Metaphysics of Fairie, Conclusion (part 1)
After something like a year-and-a-half of whittling away at it, I recently finished blogging through the five chapters of my doctoral dissertation. The following series of posts is from my conclusion.
The argument has been that, behind J.R.R. Tolkien’s vast and vastly popular mythology of Middle-earth–giving his world a philosophical cogency and sophistication not often recognized, and certainly not typically associated with the fantasy or science-fiction genre—lies the influential metaphysical thought of Tolkien’s great Catholic forbear, St. Thomas Aquinas. Structuring my discussion around Tolkien’s creation-myth, the Ainulindalë, I have attempted not simply to analyze Tolkien’s fiction in light of, but also to show how his fiction purposefully incarnates such important Thomistic themes as the relationship between faith and reason; the being, attributes, and persons of the divine Creator; the simultaneous realism or mind-independence and yet inherent intelligibility of all created being; the realization or fulfillment of intelligible form or essence in and through a thing’s real act of existence; the dependence of artistic sub- or “con”-creation on the Creator’s prior, exclusive act of creation; the anthropological significance of angels; and the metaphysics of evil.
At the same time, my purpose has also been to suggest that, far from Tolkien’s metaphysics being necessarily reducible to St. Thomas’s, the nature of Tolkien’s Thomism often lies as much in his creative departures from or innovations upon the thought of the angelic doctor as it does in his overt debt to it. Although Tolkien never mentions St. Thomas by name, the influence of St. Thomas on the Catholic culture, thought, and art of Tolkien’s generation was nigh inescapable, especially for someone attempting to sub-create an alternative world of the philosophical complexity and magnitude of Tolkien’s. The way in which I have conceived Thomas’s influence on Tolkien, accordingly, has been in terms of his providing the latter with an inherited, trustworthy, yet always tacitly assumed intellectual point of reference by which Tolkien might both the more effectively determine what was metaphysically necessary, and within those parameters the more keenly to discern what was metaphysically and therefore sub-creatively possible. Thus, I’ve argued how Tolkien’s otherwise Thomistic metaphysical theism was (paradoxically) what also allowed his mythology to be fundamentally “about God” even when it scarcely bothered to mention him. We saw further how Tolkien’s concept of eucatastrophe, while presupposing the traditional, orthodox view of divine presence and providence defended by St. Thomas, also requires for its full aesthetic and emotional effect a kind of provisional “forgetting” of the Creator and almost despairing of hope, conditions which set the stage for that special “miraculous” act of divine intervention whereby both the reader and the characters are powerfully reminded that, though God may be “never named,” he is also the one who is “never absent.” We saw how Tolkien similarly presupposes a Thomistic conception of divine and creational possibility to articulate a theory of sub-creative freedom or autonomy and creaturely contingency that is customarily associated with the theological voluntarism and counter-factual speculation of a William of Ockham rather than with the comparatively more reserved theology of Aquinas. We saw how Tolkien stresses the Thomistic insight as to the metaphysical primacy of the act of existence, not by putting the world in its created existence at the beginning of his creation-myth, but precisely by postponing the divine gift of being until the eschatological climax at the end. We have witnessed Tolkien at perhaps his metaphysical boldest in his postulation of reincarnating Elves and incarnate, “demiurgic” angels, again, entities which would seem to defy the comparative sobriety of St. Thomas’s hierarchy of being on the one hand and yet whose own structure, on the other hand, seems to presuppose the very logic of Thomas’s hierarchy. Finally, I argued that, more than simply favoring the traditional, Augustinian and Thomistic view of evil as relative form of non-being, Tolkien in fact utilizes his Thomistic metaphysics of creation not so much to contradict as to sublate the Manichaean insight into the (apparent) independence and radical power of evil. What we see in each of these cases, I think, is less an uncritical adoption of Thomistic ideas, but as one would expect of someone of Tolkien’s genius and originality, a creative appropriation and adaptation of Thomas’s thought for his own literary purposes.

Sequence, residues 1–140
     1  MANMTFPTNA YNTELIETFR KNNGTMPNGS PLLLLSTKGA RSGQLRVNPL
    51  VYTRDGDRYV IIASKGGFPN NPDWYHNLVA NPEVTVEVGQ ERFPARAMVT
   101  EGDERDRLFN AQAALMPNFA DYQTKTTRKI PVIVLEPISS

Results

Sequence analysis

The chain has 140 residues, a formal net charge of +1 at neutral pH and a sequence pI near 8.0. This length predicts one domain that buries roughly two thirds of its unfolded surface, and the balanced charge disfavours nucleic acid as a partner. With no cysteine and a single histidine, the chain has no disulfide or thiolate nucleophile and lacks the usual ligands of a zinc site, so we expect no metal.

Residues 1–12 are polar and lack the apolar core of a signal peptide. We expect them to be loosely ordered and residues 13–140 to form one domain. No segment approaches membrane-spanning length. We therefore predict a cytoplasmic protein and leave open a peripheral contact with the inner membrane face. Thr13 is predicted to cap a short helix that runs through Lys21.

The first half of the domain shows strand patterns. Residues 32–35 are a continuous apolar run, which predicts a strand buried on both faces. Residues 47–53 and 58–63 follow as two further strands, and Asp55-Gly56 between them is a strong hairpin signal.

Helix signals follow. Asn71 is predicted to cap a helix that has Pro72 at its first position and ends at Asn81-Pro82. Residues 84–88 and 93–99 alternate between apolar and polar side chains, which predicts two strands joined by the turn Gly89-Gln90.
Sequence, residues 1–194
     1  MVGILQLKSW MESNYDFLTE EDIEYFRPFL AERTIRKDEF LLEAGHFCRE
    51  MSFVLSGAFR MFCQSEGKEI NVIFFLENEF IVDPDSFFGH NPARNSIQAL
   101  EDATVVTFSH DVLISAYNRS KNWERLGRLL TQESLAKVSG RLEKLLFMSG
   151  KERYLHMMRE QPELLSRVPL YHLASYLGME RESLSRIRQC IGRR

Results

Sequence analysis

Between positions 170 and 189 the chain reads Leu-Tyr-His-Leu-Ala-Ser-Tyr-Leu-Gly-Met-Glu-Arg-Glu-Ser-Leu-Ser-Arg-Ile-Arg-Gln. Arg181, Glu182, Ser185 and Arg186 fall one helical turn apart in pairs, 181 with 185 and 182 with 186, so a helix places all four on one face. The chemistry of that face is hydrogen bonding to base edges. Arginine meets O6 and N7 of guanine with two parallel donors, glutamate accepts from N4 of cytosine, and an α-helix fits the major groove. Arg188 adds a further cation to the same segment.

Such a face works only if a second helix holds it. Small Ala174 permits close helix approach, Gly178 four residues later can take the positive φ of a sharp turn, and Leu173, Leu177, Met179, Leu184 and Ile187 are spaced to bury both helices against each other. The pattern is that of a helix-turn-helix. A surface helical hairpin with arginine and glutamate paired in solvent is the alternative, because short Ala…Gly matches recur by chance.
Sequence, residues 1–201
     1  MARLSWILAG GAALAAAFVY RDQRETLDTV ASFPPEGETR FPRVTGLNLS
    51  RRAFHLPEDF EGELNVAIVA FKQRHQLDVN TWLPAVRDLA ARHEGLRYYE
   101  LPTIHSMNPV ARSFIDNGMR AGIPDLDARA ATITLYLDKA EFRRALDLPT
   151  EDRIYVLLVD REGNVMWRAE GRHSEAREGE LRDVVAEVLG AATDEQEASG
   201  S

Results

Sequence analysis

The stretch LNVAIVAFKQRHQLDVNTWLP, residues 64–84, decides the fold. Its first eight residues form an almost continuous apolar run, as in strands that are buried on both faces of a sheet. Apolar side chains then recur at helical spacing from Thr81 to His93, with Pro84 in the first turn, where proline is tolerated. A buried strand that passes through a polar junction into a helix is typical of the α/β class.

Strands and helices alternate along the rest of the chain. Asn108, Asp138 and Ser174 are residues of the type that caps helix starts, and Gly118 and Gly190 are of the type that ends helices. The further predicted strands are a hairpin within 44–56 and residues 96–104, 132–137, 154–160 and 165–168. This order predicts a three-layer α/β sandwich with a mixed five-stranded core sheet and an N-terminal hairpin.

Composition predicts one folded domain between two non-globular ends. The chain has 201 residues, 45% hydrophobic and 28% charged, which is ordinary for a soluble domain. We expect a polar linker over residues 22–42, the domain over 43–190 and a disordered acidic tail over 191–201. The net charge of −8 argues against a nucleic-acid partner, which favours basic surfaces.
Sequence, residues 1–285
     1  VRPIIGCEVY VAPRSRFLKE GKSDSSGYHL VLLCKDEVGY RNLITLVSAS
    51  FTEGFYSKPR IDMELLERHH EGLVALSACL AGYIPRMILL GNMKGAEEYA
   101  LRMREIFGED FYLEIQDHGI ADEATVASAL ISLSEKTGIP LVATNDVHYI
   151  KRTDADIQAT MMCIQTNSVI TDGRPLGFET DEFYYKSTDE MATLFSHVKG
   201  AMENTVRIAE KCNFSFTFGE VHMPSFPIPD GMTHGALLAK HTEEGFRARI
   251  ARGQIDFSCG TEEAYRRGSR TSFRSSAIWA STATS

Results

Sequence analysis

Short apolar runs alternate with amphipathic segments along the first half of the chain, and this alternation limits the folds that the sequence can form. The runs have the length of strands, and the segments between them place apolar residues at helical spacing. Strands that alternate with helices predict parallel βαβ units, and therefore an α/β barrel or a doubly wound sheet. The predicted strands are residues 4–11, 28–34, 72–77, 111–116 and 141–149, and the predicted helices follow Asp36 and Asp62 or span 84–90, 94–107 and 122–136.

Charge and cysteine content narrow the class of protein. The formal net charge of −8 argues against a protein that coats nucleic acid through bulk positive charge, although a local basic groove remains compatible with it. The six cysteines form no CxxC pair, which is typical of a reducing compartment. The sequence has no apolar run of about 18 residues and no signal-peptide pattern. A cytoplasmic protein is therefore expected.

(to be continued…)